Manes – Slow Motion Death Sequence

Hidden histories are a tricky thing. On one hand, they’re everywhere, untold stories bubbling beneath the surface of clean, accepted narratives. They’re also fascinating in their obscurity, inviting a host of retellings, rediscoveries and the create of new, even cleaner, more “accurate”, meta-narratives. On the other hand however, they tend…

Extremity – Coffin Birth

In trying to find explanations for how so many things in our world are unique and yet able to be categorized by our minds – such as, for instance, how two chairs could share practically no traits in common and yet still both be recognized as chairs – Plato created…

Mantar – The Modern Art of Setting Ablaze

Despite being just a guitar and drum duo, Mantar still sound just as massive as their modern sludge metal brethren. On their third album The Modern Art of Setting Ablaze, Erinç Sakarya (drums, vocals) and Hanno Klänhardt (vocals, guitars) continue their consistent trend of dropping an abrasive slab of blackened, crusty sludge every two years, all…

Stern – Missive: Sister Ships

One of the greatest traits of the underground music community is its deeply collaborative nature. A journey into one artist’s discography will often illuminate connections to other like-minded artists, which initiates the insatiable quest to devour yet another intriguing discography. Such is the case with Stern, which likely attracted attention due to its…

The Dark Third – Even As the Light Grows

Here’s the thing about writing reviews: it’s a constant act of parsing. What you’re trying to do when writing a review is to take something that has many elements which are either impossible to utter because of their elusive nature of just very, very hard to put into words because they’re so complex and subtle. Often times, the tools we have at our disposal (like genres, structures, post layouts and more) do a good enough job of letting us do just that and write a review. But sometimes it’s exceptionally hard. This usually happens when you’re dealing with ambitious albums, works of music which attempt to approach many issues at once or tackle one issues from multiple directions. If the music is also varied and composed of many parts then you’re in for even more of a challenge.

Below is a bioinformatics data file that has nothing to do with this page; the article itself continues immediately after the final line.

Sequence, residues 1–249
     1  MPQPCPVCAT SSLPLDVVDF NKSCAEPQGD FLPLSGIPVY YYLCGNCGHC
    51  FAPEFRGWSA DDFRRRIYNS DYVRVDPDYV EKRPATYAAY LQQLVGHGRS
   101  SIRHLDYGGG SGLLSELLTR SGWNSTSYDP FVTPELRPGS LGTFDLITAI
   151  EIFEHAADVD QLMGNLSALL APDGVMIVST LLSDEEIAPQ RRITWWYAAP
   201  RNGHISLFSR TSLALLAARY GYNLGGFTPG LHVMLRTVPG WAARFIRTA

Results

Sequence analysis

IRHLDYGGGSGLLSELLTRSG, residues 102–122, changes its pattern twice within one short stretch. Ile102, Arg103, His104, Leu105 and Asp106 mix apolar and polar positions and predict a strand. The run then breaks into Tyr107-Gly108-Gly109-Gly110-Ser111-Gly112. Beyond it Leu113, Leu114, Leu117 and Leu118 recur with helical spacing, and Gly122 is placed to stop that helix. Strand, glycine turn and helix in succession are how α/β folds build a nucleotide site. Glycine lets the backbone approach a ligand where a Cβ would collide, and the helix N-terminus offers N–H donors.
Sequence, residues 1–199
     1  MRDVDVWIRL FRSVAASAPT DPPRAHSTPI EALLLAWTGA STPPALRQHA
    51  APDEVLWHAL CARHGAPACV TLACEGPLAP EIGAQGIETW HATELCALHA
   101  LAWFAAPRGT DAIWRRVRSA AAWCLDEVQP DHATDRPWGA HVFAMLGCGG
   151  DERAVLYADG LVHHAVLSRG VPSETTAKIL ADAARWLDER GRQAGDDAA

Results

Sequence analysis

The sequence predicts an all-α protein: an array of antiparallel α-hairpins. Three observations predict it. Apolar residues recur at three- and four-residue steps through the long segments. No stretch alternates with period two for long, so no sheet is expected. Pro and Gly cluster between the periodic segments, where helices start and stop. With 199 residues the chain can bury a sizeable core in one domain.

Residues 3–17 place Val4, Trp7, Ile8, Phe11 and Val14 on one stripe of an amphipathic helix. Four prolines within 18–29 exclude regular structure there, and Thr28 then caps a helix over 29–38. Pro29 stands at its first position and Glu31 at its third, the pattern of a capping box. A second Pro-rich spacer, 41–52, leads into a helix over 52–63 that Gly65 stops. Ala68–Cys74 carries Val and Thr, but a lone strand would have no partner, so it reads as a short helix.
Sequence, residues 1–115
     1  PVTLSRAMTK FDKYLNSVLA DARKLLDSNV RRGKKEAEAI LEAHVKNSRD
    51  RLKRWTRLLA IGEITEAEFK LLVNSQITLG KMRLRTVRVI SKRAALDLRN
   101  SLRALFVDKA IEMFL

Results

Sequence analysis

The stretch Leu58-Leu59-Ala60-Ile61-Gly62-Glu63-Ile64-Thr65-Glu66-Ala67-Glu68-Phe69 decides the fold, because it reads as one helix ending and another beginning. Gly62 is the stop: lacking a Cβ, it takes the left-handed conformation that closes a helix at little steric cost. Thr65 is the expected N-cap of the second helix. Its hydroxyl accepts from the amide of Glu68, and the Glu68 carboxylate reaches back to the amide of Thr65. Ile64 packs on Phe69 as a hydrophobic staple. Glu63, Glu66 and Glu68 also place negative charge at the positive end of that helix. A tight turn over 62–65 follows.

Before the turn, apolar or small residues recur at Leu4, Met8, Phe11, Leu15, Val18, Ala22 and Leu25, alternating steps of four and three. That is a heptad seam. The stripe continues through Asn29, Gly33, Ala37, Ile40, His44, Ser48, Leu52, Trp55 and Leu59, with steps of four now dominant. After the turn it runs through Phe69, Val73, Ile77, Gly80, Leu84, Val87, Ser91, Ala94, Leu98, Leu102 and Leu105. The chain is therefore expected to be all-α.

Rebel Wizard – Voluptuous Worship of Rapture and Response

Black metal can be such an interesting genre. There are so many different ways to take the sound. You can be fairly straightforward and make the most evil sounding music possible and follow in the footprints of our Norwegian forefathers; you can just go heavy on the imagery but make fairly accessible metal a la Venom; you can get atmospheric and create a more environmental sound the completely enraptures you. Or you can tell all that stuff to fuck off and get really weird with it. Such is the path chosen by Rebel Wizard, a one man project from Ferny Creek, Australia. The latest record, Voluptuous worship of rapture and response, is just the latest example of this unique take on the genre.

Crossfaith – Ex_Machina

The buzz surrounding Osaka’s Crossfaith seemed to dissipate as quickly as it arrived. The quintet quickly amassed formidable reputation based on their exhilarating live shows and their intriguing blend of EDM and modern metalcore. Unfortunately, the excitement the band brought on the live front failed to translate to record, and…